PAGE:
As a result of the Irish not taking the EU bail-out, Portugal’s debt started to tumble—which has everyone worried. Portugal is looking an awful lot like Greece did five-six months ago: It’s debt spread over the German benchmark is 6.5%, and climbing. Even France’s debt yield spread widened against the German bund—it costs more to insure French debt than it costs to insure Chilean debt (I guess a good “Viva Chile!” would be in order?).

The reason the entire slate of Euro bonds are tumbling is because of Ireland—but the real worry is Spain. If Ireland and then Portugal go down the tubes, then it would only be a matter of time before Spain is next—and Spain is far larger than Greece, Ireland and Portugal combined. If Spain goes, then it’s curtains for the whole Eurozone, perhaps even for the European Union as a political entity.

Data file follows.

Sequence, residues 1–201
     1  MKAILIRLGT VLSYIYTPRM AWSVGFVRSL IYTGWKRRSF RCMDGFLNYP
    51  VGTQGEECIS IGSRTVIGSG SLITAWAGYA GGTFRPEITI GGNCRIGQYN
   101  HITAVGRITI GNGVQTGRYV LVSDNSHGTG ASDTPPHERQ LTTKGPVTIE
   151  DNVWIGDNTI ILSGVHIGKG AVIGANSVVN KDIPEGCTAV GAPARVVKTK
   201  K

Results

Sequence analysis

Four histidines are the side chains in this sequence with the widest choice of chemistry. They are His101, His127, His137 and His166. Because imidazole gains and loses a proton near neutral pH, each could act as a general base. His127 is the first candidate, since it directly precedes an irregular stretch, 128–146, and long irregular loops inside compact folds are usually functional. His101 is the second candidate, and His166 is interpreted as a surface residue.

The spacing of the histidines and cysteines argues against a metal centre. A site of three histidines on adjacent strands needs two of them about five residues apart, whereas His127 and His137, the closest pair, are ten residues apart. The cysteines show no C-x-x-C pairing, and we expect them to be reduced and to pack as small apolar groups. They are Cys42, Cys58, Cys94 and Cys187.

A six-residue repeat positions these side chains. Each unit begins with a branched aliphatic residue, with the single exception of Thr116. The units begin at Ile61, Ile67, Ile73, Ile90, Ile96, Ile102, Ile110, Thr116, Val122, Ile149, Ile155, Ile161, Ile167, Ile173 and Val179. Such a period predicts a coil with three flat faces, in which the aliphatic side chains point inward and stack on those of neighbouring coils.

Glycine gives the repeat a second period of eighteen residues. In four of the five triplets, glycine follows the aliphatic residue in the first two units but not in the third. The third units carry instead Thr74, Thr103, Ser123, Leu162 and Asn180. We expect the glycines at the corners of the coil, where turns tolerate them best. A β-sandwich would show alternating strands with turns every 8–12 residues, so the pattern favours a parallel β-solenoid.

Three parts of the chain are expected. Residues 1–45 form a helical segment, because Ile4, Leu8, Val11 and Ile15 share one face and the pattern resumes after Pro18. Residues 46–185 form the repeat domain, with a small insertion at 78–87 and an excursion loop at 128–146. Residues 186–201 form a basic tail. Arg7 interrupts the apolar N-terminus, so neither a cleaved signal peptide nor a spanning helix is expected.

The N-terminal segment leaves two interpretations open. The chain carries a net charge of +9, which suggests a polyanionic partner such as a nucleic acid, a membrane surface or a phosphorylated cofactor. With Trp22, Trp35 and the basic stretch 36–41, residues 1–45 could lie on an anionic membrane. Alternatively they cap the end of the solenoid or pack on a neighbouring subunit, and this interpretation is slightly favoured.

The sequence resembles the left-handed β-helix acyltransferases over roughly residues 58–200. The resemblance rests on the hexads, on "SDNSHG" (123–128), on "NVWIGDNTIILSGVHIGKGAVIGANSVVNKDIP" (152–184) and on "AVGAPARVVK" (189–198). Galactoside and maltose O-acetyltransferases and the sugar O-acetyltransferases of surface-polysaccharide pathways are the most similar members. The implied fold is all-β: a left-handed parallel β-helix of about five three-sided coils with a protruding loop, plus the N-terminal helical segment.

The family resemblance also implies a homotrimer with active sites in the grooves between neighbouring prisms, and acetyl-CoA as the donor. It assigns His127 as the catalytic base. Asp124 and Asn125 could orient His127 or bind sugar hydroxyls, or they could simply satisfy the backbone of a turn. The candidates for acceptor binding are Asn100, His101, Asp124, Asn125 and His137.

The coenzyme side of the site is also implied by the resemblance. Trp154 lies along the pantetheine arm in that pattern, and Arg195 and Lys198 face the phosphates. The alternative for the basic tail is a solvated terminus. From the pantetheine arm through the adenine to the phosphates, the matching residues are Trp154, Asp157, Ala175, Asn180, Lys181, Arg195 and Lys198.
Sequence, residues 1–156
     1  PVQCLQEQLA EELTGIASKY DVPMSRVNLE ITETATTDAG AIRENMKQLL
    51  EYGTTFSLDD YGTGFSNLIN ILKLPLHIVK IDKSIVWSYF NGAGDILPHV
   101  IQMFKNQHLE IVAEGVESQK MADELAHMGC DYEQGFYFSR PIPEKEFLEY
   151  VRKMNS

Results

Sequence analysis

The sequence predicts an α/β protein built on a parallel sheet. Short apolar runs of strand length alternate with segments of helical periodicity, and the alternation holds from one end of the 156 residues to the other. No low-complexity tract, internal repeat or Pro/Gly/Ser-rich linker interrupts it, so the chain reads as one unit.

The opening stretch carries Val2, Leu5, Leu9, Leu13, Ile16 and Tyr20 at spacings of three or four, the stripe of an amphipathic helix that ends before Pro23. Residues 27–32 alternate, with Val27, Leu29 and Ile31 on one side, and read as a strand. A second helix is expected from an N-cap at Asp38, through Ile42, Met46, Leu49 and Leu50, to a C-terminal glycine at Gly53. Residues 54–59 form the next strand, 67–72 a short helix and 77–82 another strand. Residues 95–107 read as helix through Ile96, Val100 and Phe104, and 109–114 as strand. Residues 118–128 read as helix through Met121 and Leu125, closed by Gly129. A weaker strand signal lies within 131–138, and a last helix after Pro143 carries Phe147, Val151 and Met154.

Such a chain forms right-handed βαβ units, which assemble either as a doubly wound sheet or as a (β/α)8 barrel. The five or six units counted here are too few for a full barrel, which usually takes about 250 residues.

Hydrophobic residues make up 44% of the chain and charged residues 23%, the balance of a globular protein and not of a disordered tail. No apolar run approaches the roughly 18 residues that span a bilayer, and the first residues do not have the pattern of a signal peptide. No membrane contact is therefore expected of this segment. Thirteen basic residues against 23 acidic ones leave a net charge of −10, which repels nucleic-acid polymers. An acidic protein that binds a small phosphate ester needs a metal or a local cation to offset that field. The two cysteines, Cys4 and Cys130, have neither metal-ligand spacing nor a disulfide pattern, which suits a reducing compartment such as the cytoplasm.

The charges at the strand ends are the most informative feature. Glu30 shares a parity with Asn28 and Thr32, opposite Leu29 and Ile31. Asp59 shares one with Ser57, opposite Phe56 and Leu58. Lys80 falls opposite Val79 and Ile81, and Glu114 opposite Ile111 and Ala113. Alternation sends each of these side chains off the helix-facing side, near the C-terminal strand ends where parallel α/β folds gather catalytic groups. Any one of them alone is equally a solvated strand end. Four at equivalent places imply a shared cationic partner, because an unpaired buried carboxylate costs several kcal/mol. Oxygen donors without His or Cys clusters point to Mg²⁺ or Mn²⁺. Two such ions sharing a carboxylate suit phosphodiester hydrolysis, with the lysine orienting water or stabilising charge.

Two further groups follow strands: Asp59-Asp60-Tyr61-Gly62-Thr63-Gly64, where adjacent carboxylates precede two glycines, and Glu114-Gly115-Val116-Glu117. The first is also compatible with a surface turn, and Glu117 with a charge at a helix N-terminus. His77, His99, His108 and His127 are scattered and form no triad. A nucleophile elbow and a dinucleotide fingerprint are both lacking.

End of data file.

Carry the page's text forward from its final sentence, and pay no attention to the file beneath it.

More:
Read the rest of this entry »

Bring it on, Ben!

leave a comment »

Saxo Bank joins chorus of voices calling for the end of the Federal Reserve
Originally posted by Tyler Durden, Nov 3, 2010

Following the recent surge in Fed critics, including Gross, Buffett, Grantham, and most other self-respecting economists, Saxo Bank’s John J. Hardy shares the most recent, and very scathing, critique of the Fed, which essentially calls for the end of the US central bank, saying the days of the Fed are now numbered.

SO, BEN, LET’S GET THIS THING OVER WITH AND LET’S TEST HOW THIS MARKET is positioned for what you have to say today. We’re tired of speculating and gaming what you may or may not write in today’s statement and how many billions of dollars you might conjure into existence on a monthly basis for the next year or more.